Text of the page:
What does this have to do with Ping Pong? Well, lots of shows claim to be about competition, or have some sort of competitive element, but the way they actually deal with these sorts of questions is... disappointing. Usually it's a quick "for my friends!" or "play to win!" sorta thing, pretty easily dismissed... earlier I was talking about how some shows are great in how they take a cliched statement and make you believe it all over again, but these sort of platitudes are pretty useless to me, working from an assumption that already prioritizes the game, and not at all dealing with how the game actually interacts with your life outside of it. DFW tears through these sort of blank statements in "How Tracy Austin Broke My Heart", and he'd know, having authored Infinite Jest, definitely the best text I've ever read that deals with competitive mentalities.

Oh but Ping Pong is pretty far up there too. It doesn't try to comprehensively answer or even ask all of these questions, but I knew from very early on that this wouldn't be some dodge, some nonanswer, or some depiction of nonhumans in a world of 100% ping pong. The scene where Smile and Peco go scope out Weng, that's when I knew. There was something very real about their friendship, about the strange privilege they had in blowing off their club. It wasn't only that I had felt that way before, some sort of elite separation, occasionally, in some small doses, but it was a feeling that I aspired to, a feeling that I associated with improvement, and of the better players. And yet it wasn't glorified, it wasn't unilaterally positive, it felt real, it felt like something that I could actually feel, and feel some complicated way about.

Scene after scene was like this... completely understandable, and just on the fringes of my experience. It was both familiar and something that spoke to the promise of success I had not yet had. But this isn't any sort of static philosophical presentation, it's a straightforward but compelling story of high school ping pong players. It's a very intimate and human story, one that unfolds from the middle, as we learn the history of the characters organically as time marches forward. Characters are introduced in archetypal roles and function perfectly within them - this series plays to shonen sports tropes just enough that I get all that "this guy is the best player yet! how will he beat him?" flavor of excitement.

Then, we get development, and they manage to flesh out the characters without defying the expectations you have of them. It isn't about twists, about tricking you into thinking a character is one way when they're another, but a gradual arc that explains their current behavior and makes them into human beings. Everyone is in a place of dissatisfaction, everyone is working for something to bloom. More than just competitiveness, the attitude of the show towards life in general... that you need to look for some satisfaction in your life, some happiness. It isn't an answer you arrive at via some other process, some simple "success" or "dream". It's a long process of coming to terms with yourself and the world that affects and is affected by everything you do, but also transcends all of them.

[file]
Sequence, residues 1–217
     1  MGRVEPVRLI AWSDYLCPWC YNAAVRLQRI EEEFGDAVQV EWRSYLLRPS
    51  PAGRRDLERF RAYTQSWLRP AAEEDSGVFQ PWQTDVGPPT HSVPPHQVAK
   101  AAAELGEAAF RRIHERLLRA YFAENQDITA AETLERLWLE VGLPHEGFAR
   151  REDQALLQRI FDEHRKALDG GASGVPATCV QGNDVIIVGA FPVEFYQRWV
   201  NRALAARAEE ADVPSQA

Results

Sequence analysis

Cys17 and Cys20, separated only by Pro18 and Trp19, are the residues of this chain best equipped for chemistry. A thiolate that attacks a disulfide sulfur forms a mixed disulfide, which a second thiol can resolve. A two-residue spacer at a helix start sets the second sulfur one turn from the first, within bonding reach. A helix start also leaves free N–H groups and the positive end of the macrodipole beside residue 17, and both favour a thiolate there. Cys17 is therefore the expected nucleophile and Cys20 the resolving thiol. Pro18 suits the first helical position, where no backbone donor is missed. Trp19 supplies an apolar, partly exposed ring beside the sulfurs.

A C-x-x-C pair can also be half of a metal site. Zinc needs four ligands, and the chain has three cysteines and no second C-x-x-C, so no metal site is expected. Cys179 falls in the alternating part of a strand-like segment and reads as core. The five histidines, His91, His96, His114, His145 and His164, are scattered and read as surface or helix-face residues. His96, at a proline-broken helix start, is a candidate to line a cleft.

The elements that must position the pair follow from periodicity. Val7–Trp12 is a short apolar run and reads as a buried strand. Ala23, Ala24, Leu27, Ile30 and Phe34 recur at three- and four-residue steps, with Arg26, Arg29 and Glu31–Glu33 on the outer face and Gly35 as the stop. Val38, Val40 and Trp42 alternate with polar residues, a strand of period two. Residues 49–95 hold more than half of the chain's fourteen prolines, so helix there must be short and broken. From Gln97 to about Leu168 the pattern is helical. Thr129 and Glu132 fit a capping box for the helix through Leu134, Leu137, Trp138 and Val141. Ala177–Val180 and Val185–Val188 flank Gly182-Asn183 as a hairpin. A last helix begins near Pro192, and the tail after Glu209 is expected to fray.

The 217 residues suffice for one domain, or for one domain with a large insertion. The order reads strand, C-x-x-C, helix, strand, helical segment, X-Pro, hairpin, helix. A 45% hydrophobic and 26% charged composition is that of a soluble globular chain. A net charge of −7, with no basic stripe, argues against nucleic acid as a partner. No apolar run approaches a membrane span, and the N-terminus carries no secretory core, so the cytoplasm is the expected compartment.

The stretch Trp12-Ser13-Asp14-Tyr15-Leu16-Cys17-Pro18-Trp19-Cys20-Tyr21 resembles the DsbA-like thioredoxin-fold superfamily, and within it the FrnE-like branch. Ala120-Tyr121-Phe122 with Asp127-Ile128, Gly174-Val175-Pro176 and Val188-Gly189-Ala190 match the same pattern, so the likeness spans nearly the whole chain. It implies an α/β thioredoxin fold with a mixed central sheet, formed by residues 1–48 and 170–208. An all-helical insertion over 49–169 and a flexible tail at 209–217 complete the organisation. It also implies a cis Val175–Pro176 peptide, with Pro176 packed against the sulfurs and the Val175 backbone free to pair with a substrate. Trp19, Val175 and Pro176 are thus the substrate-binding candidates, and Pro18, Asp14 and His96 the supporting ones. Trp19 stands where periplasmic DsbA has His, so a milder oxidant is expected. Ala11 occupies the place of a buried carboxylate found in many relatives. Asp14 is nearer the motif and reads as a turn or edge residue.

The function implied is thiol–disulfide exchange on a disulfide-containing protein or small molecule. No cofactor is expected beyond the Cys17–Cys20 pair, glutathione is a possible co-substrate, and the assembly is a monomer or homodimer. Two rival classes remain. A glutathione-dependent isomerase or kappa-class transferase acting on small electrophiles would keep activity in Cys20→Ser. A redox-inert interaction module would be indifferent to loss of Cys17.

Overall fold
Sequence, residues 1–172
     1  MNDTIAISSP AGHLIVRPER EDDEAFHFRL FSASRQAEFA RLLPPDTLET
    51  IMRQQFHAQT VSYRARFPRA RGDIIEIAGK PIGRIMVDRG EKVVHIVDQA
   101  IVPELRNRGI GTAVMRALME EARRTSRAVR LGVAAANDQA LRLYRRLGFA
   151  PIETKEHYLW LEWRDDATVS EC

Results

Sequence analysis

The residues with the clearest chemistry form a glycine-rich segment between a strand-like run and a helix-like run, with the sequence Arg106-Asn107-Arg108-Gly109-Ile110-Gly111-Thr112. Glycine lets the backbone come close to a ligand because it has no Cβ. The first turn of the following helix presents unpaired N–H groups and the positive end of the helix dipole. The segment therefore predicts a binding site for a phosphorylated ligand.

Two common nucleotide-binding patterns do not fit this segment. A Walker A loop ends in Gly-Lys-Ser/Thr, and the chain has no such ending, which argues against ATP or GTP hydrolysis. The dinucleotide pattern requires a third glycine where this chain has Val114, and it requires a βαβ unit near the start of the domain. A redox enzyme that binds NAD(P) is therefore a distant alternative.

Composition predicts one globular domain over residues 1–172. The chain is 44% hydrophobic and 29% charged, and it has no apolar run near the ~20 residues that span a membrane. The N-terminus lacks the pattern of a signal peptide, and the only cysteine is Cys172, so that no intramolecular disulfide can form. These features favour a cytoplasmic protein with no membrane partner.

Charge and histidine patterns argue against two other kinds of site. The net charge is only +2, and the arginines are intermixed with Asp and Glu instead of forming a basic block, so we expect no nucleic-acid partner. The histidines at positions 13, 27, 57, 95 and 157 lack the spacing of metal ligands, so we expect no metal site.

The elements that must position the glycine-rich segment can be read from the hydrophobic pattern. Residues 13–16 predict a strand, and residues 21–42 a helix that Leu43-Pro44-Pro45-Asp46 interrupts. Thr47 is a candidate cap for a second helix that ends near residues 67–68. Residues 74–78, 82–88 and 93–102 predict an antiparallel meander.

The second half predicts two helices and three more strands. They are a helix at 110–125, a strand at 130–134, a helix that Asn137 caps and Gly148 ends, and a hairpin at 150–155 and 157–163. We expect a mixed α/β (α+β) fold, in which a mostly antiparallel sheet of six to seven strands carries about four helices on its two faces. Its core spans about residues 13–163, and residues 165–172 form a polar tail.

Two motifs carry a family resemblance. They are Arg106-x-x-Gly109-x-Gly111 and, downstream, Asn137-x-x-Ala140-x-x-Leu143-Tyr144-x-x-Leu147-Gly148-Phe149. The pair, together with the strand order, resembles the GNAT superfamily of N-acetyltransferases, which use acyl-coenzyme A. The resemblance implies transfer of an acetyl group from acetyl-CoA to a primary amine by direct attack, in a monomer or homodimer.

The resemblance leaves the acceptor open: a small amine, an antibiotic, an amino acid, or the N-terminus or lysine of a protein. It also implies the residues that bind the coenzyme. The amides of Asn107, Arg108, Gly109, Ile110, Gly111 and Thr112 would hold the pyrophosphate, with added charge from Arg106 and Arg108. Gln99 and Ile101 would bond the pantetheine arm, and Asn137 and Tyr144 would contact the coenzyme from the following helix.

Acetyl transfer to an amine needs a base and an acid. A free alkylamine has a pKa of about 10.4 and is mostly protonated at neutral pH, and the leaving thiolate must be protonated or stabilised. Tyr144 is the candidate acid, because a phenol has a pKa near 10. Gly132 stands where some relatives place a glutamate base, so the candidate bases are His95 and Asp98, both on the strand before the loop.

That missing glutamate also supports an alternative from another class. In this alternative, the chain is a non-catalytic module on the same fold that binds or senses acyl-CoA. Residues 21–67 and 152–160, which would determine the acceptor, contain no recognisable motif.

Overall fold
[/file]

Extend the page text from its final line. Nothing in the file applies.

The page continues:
This sort of attitude seems very negative in the abstract - that happiness is something that eludes all efforts to capture it, that it operates outside any other system, that you can't rationally arrive at or work to achieve... it's like, what's the point? But it isn't impossible. You watch these characters, who you archetypically know, and might even aspire to, in some ways. You watch them have these realizations, make these choices. And it's inspiring, because it's so cohesive, so sound... there isn't a single development that isn't motivated entirely through the characters' interactions - no cheesy hidden epiphanies, sudden changes of heart... The characters really deserve nothing less.

And it deserves nothing less than this presentation: the diegesis isn't a depiction of reality, but of feeling. The perspective is the boiling blood of the characters! Every distortion and sketchiness is but the overflowing emotions! The wonderful splitscreens, montages and overlays smoothly convey context and development without stumbling for a beat. You can convey so much in a single insert of a character smirking, and also withhold just the right amount. Or like, in the wonderful table tennis sequences, how you can tell who's winning without them ever explicitly saying... Repetition of sequences and lines creates a codified script with symbols and locations taking on character of their own, rich and meaningful enough that so much is implied from only the most basic scene's scenario. The best example is the recurring flashbacks that inch forward each repetition. They both intrigue and hint at current emotional states. It's never like the show is shamelessly holding things back, but there's always the feeling that something more will come, some realization. And oh man, if you've seen this show, you'll probably know what I'm referring to when I say that this show had one of the most beautiful realizations - haunting, complete, satisfying... and in retrospect, so wonderfully obvious! Like, listen to the music he's always humming...

I'm not sure if I'm really getting anywhere, writing about this. It's a show that needs to be experienced, and I really think almost anyone could appreciate it. It's a masterpiece that could only exist in the medium that doesn't involve high school girls. It might be the only one.

Haha well that's it

What a great year in anime! And 2015 might be even better? This season alone has a ton of good stuff... Yuri Kuma Arashi is probably my favorite, Ikuhara + Akiko Morishima = greatness is just basic math. Koufuku Graffiti is like... wow... I'm sure glad I don't need my goggles, 'cause they'd just be getting steamed up... from all the cooking. The Rolling Girls is totally sweet too, loads of fun action and hilarious dialogue. If these, plus Shirobako's second season (which I've held out on starting until I finished this list), were 4/5 of my 2015 list, I wouldn't be the slightest bit disappointed.